“Many women say that the court process makes it feel as if they are being raped again. This secondary victimisation often begins from the minute they set foot in a police station or hospital, particularly if they are from a marginalised group such as lesbians or poor working-class women. The conviction rate is so appalling that many survivors see no point in subjecting themselves to a process that can take five years, if they have no faith in getting a conviction.”
In Anene Booysen’s case, two young men have been charged with raping and murdering her on February 2, 2013 and are awaiting trial. But why is it that South African men — for it is overwhelmingly men — see women as objects on which to take out their frustrations or to assert their power?
The socio-economic context is well documented. It is a truism to speak of the legacy of apartheid and its destruction of human dignity and self-worth, but how else do we explain the callous disregard for each other, the high levels of violent crime and domestic violence? And, more importantly, how do we overcome them?
Poverty is rife — more than a quarter of South Africans cannot find work and all around them the skewed landscape of inequality is evident and growing. An inadequate school system is failing to provide young people with the skills they need to succeed in a 21st century economy. Frustration and futility are constant companions with few flickers of hope. Drugs and alcohol offer short-term escape, often fuelling violence and driving further crime in order to pay for the next fix.
In the village of Bredasdorp where Anene Booysen was gang-raped and mutilated, sexual crimes have more than doubled in the past three years — from 27 cases in 2009/10 to 60 cases in 2011/12. Drug-related crime is also at a three-year high.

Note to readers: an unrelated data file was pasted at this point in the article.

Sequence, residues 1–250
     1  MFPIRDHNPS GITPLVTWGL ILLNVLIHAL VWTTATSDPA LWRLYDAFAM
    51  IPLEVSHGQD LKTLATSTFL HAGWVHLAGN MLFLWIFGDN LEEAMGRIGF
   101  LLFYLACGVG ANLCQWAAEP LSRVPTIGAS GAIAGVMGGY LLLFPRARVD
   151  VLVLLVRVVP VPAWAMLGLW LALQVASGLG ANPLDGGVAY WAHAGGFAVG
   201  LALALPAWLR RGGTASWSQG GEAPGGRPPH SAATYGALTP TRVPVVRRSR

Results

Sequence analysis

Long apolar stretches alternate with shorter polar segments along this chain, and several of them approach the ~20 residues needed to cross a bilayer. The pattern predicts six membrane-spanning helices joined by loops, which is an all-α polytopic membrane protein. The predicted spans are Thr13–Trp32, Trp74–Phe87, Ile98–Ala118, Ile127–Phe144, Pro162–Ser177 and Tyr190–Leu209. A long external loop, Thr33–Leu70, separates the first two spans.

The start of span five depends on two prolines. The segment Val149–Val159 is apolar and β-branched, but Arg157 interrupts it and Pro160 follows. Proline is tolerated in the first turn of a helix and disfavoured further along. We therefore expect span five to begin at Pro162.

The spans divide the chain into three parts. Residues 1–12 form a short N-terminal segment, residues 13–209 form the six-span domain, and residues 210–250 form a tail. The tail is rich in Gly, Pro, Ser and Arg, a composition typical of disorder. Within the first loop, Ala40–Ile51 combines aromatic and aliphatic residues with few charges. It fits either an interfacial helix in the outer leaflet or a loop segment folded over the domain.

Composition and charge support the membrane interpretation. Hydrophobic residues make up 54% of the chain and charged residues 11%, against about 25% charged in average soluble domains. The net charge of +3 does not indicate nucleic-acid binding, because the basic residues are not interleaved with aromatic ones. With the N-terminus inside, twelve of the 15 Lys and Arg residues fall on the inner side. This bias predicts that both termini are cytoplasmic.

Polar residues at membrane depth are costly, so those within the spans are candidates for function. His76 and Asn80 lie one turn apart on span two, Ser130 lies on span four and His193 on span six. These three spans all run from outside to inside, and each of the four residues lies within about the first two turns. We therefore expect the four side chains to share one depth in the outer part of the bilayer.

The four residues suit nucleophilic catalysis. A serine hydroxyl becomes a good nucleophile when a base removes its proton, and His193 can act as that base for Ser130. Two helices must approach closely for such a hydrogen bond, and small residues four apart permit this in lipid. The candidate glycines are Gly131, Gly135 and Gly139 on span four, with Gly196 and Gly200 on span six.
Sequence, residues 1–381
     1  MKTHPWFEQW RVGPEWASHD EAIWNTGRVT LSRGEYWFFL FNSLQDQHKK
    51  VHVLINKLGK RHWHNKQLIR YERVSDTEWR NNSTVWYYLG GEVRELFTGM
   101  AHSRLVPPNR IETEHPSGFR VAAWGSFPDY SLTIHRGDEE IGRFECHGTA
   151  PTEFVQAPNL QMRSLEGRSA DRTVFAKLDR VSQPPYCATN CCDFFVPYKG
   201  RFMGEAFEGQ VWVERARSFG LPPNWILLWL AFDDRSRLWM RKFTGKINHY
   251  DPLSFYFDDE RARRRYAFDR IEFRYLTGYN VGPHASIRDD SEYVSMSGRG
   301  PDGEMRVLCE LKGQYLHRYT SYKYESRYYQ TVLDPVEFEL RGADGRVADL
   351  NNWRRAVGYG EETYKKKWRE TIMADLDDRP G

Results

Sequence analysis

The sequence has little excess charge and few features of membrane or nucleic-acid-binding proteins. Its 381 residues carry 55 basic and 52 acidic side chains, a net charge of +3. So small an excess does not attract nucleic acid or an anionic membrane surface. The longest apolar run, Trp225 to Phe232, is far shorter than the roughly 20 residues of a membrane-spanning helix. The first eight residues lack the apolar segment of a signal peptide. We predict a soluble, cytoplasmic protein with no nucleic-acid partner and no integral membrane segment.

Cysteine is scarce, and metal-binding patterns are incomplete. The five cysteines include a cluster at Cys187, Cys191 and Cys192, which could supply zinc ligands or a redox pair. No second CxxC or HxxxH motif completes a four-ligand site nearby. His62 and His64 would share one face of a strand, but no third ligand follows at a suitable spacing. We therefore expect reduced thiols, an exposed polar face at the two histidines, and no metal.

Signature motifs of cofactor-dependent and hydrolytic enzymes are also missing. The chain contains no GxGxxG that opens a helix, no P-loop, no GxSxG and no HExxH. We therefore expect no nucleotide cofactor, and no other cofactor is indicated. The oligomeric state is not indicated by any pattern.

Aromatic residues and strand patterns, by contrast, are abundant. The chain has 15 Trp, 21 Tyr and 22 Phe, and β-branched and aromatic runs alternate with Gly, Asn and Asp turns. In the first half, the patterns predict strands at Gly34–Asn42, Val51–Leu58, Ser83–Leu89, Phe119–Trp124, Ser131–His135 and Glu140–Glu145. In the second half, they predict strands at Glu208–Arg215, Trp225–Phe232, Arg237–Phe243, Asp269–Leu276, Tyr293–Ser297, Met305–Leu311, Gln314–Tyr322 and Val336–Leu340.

But as the shooting in Oscar Pistorius’s luxury home shows, violence knows no colour or class. It lurks behind the high walls of estates and in the suburbs, as much as it is to be found in the high-density townships and informal settlements.
Now that Pistorius has received bail, he will lead a life in limbo until his trial begins in June. His bail conditions include the surrender of his passport and bi-weekly visits to a parole officer. No doubt he will continue to be the subject of media scrutiny.
But our gaze must widen to focus on what drives the violence — be it from fear or anger — that all too often erupts in our homes, our communities, and on our roads.
The distinctive tone that every four minutes pierced the airwaves earlier this month was a powerful symbolic gesture highlighting the country’s rape statistics, but it was confined to just one day. Evidence shows that after a while, the human ear will filter out annoying interruptions.
The challenge is to keep our ears open to the cries of those whose names we do not know, whose children, partners or parents have been raped or murdered, and together to take responsibility for creating a kinder, gentler and safer society.
(Susan Valentine is an independent South African media trainer and journalist. She has a special interest in human rights advocacy through media, and the stories people have to tell.)